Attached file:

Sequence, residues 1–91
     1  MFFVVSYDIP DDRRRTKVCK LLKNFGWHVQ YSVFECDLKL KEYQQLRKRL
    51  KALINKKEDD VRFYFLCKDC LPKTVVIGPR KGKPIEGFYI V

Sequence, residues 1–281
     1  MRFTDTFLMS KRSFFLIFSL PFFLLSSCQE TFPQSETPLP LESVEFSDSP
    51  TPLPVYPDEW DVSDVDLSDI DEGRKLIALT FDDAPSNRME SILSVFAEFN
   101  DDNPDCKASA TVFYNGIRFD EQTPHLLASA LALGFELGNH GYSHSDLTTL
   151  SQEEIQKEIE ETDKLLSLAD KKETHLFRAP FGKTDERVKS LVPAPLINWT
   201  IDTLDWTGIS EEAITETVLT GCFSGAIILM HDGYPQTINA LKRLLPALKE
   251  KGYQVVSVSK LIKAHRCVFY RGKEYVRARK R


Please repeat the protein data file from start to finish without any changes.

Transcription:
Sequence, residues 1–91
     1  MFFVVSYDIP DDRRRTKVCK LLKNFGWHVQ YSVFECDLKL KEYQQLRKRL
    51  KALINKKEDD VRFYFLCKDC LPKTVVIGPR KGKPIEGFYI V

Sequence, residues 1–281
     1  MRFTDTFLMS KRSFFLIFSL PFFLLSSCQE TFPQSETPLP LESVEFSDSP
    51  TPLPVYPDEW DVSDVDLSDI DEGRKLIALT FDDAPSNRME SILSVFAEFN
   101  DDNPDCKASA TVFYNGIRFD EQTPHLLASA LALGFELGNH GYSHSDLTTL
   151  SQEEIQKEIE ETDKLLSLAD KKETHLFRAP FGKTDERVKS LVPAPLINWT
   201  IDTLDWTGIS EEAITETVLT GCFSGAIILM HDGYPQTINA LKRLLPALKE
   251  KGYQVVSVSK LIKAHRCVFY RGKEYVRARK R